Egan Bernal set a high bar for cycling's new generation when the 22-year-old Colombian stormed to victory at the Tour de France.
His triumph last month gave Bernal a first Grand Tour general classification title and raised the question of which fellow young riders will be able to rival him.
The biggest teams continue to be broadly dominated by riders blessed with many years of experience.
But here is a look at five competitors, each under 25 years old, who will be aiming to make a big impression over the gruelling course of La Vuelta.
Tadej Pogacar (UAE Team Emirates, 20 years old, Slovenia)
A truly exciting prospect who could go on to great things, Pogacar is fancied to make a big impact over the coming weeks. He has patiently waited for a first Grand Tour outing, and victories this year at the Tour of California and Volta ao Algarve showed his credentials. Expect him to be around for many years to come, vying for podiums, with Pogacar saying he is "really excited" by the prospect of taking this next step in his career at La Vuelta.
"I will be in Spain with the aim of learning as much as possible," Pogacar said, "understanding how to move in the bunch in such an important race and how to manage it over the three weeks. It’s the only way I can start building something good for the next few years."
Quote me on it - Emirates team manager Joxean Matxin: "The choice was made that the talented Tadej Pogacar will make his debut after proving this year that he is not only a contender for the future but for the present also."
Tao Geoghegan Hart (Team INEOS, 24 years old, Great Britain)
Geoghegan Hart swam the Channel as part of a relay team as a 13-year-old, and later worked a Saturday job in a London bike shop, where he fuelled his cycling ambitions. Now he is a co-leader of the Team INEOS assault on the Vuelta, alongside Wout Poels, and that illustrates how far he has progressed. Geoghegan Hart made his Grand Tour debut at last year's Vuelta, picking up priceless experience, and will relish his shot at the general classification this time. He fractured his collarbone just eight weeks ago, but is raring to race.
The youngest member of the INEOS line-up wrote on Twitter: "Here we go again. Looking forward to this & seeing what is possible. Hopefully see some of you out there on the roads & mountainsides of Spain coming up."
Quote me on it - INEOS lead sport director Nicolas Portal: "The opportunity for Tao to learn from Wout as they lead our team is a special one and we have faith that both of them can leave their mark on this Vuelta."
Sergio Higuita (EF Education First, 22, Colombia)
"I want my name to be known in world cycling as Rene Higuita was in football," Sergio Higuita told Spanish newspaper AS in May. He is not believed to be related to his Colombian namesake, who became famous for his sweeper-keeper daring and then near-immortal for his scorpion-kick save against England at Wembley. Sergio could go on to achieve more at a global level than Rene ever managed, but he has a long way to go. A successful short spell at Euskadi resulted in Higuita being fast-tracked into the EF Education First ranks and he says the Vuelta opportunity is "a childhood dream come true".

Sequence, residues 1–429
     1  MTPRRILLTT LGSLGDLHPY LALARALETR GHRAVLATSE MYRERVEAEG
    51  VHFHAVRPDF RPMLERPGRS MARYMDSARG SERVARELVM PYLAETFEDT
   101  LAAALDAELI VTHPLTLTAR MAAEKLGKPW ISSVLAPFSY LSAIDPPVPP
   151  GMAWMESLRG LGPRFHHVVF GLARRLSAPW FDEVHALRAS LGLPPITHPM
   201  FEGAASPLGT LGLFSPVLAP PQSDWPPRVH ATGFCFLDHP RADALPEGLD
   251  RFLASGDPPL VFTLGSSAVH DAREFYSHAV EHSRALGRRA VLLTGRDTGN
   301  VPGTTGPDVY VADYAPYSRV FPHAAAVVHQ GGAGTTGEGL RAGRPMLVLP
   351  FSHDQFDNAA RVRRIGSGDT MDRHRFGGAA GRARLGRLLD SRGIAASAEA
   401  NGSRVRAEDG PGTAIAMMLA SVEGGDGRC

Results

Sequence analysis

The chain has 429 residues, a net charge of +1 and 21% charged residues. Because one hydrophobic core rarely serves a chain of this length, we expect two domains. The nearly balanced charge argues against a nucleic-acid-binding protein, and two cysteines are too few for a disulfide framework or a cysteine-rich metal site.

"There have been many years of longing and sweating just so one day I would arrive at this point and be able to race this race," Higuita said. "I just want to enjoy it, right up to the finish line of the 21st stage. I want to spend the race fighting for my team and learning with them."
Quote me on it - EF sporting director Juanma Garate: "Obviously it's going to be his first big tour, but I'm pretty sure he will surprise people. He is really fast, and in a Vuelta like the one we have this year he is going to have plenty of good opportunities."
Dani Martinez (EF Education First, 23, Colombia)
Higuita is not the only star youngster in the EF ranks. Nor the only star Colombian youngster. Because Martinez is rather good too, and has been with the squad since last year, finishing 36th at the 2018 Tour de France. He won a stage in this year's Paris-Nice - the race won by Bernal - and finished second in the points classification. He took third place in the high-quality Tour Colombia in February too, a place ahead of Bernal on that occasion. But Martinez also broke both hands in a training crash in June and was forced out of Le Tour. He says his debut Vuelta will be "emotional" after recovering from that injury setback.
"I feel a bit nervous because I haven't raced that much going into it, but I think we're well prepared," Martinez said.
Quote me on it - EF sporting director Juanma Garate: "Dani is going to be an integral part of the support for Rigo [Rigoberto Uran], he can be his shadow until the real final of the stages. It’s good to have him as another card to play too, almost like another leader."
James Knox (Deceuninck-Quickstep, 23, Great Britain)
Knox hails from Cumbria in north-west England, and the former Team Wiggins prospect self-deprecatingly declared this month in a Cycling News interview that he has "never been a rider with outstanding talent". Deceuninck-Quickstep bosses thought enough of him to put him on their Giro d'Italia squad, however, and despite having to withdraw before the finish due to injury he retains his place for La Vuelta. Knox is ready to graft to prove his worth, taking another big step in his developing career.
Knox wrote on Twitter: "Real blokes start two 2 Grand Tours a year. Heading out to @lavuelta for another stab at getting round 3 weeks, a little extra luck this time around would be lovely."
Quote me on it - Deceuninck-Quickstep sports director Wilfried Peeters: "James will take it day by day and see what he can do in the mountains."